At Excess of Democracy, Derek Muller sets out to rank law schools' public interest employment placement -- specifically, "elite" public interest placement -- by measuring schools' relative success in obtaining Skadden and Equal Justice Works Fellowships. Muller theorizes that by measuring student placement in these fellowships, one can obtain clearer picture of which schools actively encourage and support students who are genuinely interested in public interest, as opposed to measuring schools that produce graduates who enter public interest employment as a "fallback" position. Muller accounts for class size and uses data aggregated over three years, from 2012-14.
UCLA ranks in seventh place on this list. Not too bad. And not particularly surprising, given UCLA's Public Interest Law Program, which offers a specialized curriculum and many other resources to students who are committed to public interest work.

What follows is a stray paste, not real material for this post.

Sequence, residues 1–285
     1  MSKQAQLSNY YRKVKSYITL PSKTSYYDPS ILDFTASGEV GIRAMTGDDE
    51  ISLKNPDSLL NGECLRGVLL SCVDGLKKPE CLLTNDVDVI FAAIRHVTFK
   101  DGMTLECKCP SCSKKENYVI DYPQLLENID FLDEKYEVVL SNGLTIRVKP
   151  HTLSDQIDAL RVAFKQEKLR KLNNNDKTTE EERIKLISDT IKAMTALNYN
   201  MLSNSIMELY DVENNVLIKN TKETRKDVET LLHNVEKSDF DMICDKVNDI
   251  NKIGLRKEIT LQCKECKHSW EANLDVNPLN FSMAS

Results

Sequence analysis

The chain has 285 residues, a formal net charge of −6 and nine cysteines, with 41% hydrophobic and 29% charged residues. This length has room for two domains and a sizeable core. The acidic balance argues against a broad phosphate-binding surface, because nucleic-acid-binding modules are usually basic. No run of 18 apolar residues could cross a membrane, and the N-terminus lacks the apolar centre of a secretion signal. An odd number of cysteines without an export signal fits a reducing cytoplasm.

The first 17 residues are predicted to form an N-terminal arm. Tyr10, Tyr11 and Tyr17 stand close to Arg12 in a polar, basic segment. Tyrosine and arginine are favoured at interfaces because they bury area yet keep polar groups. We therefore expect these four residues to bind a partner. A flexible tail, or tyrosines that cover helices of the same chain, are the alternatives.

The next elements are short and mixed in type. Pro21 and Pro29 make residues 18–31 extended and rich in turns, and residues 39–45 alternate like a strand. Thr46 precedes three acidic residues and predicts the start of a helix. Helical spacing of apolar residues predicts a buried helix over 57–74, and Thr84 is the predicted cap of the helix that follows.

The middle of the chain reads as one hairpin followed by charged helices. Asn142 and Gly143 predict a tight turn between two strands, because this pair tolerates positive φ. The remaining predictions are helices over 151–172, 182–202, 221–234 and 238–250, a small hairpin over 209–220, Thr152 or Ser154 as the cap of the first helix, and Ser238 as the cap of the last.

Arguably, UCLA should be ranked at sixth because Irvine ranks in second place, but that information is based on only one year of data that included a 56-student graduating class, which pushed Irvine's percentage much higher than it might otherwise be if three years' data had been measured.
But either way, the list indicates that UCLA is doing pretty well when it comes to supporting students who are genuinely interested in pursuing public interest careers.